Stage Two: Keeping Studio running, open Poser and load your Genesis figure using it Poser Companion File, then conform the clothing item you are converting. With Genesis selected, dial up all the morphs you want to add (don’t dial up already supported morphs). This will result in a monstrous mutant, but don’t worry about it. Now use the DSON script to transfer the active morphs. This is oddly important: do not save the clothing as a CR2 while still conformed – I’ve tried it and weird stuff happens, including, sometimes, the generation of an object file with no UVs. If this is the only item you are converting, then delete Genesis to leave the clothing, or, if you have more to do, you’ll have to use Figure>Conform to>none – now you can save it out as a CR2.
Stage Three: Run Netherwork’s File Optimiser on the new CR2 and then load it into Poser. Change the skinning method to Unimesh and make sure that you set subdivision to 1 for rendering and set up the materials (you may have Poser Companion Files to do that or you may have to do it yourself in the material room) before re-saving.
I convert Genesis 2 figures, clothes, and hair to Poser native routinely so I almost never have to invoke DSON. I do considerably less work because I worry less about bloat with modern horsepower and storage. One should note that per Netherworks’ instructions, if you load a DSON garment onto a DSON figure in Poser, it picks up the morphs. Then you save a copy and use file optimizer to make it native. I keep a fairly morph-light version of G2F for converting DSON accessories. If you export a non-DSON enabled product from DS as a cr2, the above advice is certainly one way to go. If you have the pro version of Poser, though, just copy the morphs you need from your native figure. Of course, I do that for converted DSON clothing, too, so it only has the morphs I need.
The method I've used creates and object file - you could always save out the clothing into a prop, which would preserve your material settings, and then try to use that as dynamic item (I'm sure you could also just export and obj from Studio, though you would then have to assign the materials to it). I've not really tried it myself but I know others have used clothing figures as dynamic cloth, they they weren't made for the purpose, so you might need to do some work on the mesh first.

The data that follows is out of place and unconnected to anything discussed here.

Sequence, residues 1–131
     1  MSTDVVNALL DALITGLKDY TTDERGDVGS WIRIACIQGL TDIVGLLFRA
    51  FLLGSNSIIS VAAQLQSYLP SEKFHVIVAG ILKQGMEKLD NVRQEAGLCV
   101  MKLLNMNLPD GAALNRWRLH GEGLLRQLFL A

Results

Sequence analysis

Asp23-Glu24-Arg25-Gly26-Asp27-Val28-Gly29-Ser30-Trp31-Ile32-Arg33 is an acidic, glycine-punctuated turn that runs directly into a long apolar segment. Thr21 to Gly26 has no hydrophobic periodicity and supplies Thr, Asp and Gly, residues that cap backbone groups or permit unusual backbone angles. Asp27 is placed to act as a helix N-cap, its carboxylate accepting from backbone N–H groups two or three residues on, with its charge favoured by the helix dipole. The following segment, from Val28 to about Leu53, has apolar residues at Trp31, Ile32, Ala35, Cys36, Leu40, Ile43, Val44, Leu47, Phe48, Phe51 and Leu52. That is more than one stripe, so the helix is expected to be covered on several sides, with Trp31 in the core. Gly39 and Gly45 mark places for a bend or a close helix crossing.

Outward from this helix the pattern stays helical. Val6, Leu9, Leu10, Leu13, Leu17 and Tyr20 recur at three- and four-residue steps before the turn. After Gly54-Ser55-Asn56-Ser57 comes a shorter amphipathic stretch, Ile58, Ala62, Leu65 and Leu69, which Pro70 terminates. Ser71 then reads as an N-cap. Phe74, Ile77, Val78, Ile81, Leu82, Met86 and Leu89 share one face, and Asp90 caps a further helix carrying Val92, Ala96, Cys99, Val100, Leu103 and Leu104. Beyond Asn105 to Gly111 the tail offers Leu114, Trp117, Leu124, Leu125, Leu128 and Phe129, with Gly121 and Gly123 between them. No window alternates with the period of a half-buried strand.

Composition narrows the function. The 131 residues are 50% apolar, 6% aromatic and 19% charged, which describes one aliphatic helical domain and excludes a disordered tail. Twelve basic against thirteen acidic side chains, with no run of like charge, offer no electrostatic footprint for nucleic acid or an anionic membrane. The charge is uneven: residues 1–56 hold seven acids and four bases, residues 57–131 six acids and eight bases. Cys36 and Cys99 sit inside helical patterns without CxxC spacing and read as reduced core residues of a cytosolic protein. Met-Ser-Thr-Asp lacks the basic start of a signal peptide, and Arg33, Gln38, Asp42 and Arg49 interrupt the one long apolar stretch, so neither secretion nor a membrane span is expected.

To clarify, I know how to do this with Poser models, such as a dress for V4. You just export to .obj, then import .obj. The textures "stick."*
I am just wondering if the process is the same for a dress (etc) designed for V8/Genesis. Can I just purchase that model and will the same sequence work. Philebus, seems like you are saying yes, right?
*Sometimes this works, other times the model falls apart or never "likes" the cloth room, despite any attempted welding.
If you load a texture in DS and export as obj, the texture also sticks. I haven’t tried using an obj as a dynamic garment, but I agree that the quality of the obj’s varies by vendor. I would stay away from G8 clothes from Rainbow Light, for example, which don’t do well even in the fitting room. Also note that G8 uses an A pose instead of a T pose.
I just downloaded several G3 and G8 dresses from Freebies. There's no .obj file in the zips.
Install them into Daz studio first and export them using the built in poser scale preset . be sure to check the "collect maps" option.
You will get the object file ,a .MTL file and a folder called maps with all of the textures (assuming they are image based and not procedural IRay materials that will be useless in poser IIRC.)
On the matter of Dynamics, There may be separate polygon groupings that may need to be unified in a modeling program before simulating in the poser cloth room.
Not sure about the "fitting room" as I have only used it once.
I , long ago, liberated myself from the Daz content hamster wheel, by learning to model my own custom genesis 1,2,3 clothing for easy rigging in the three click transfer utility in Daz studio.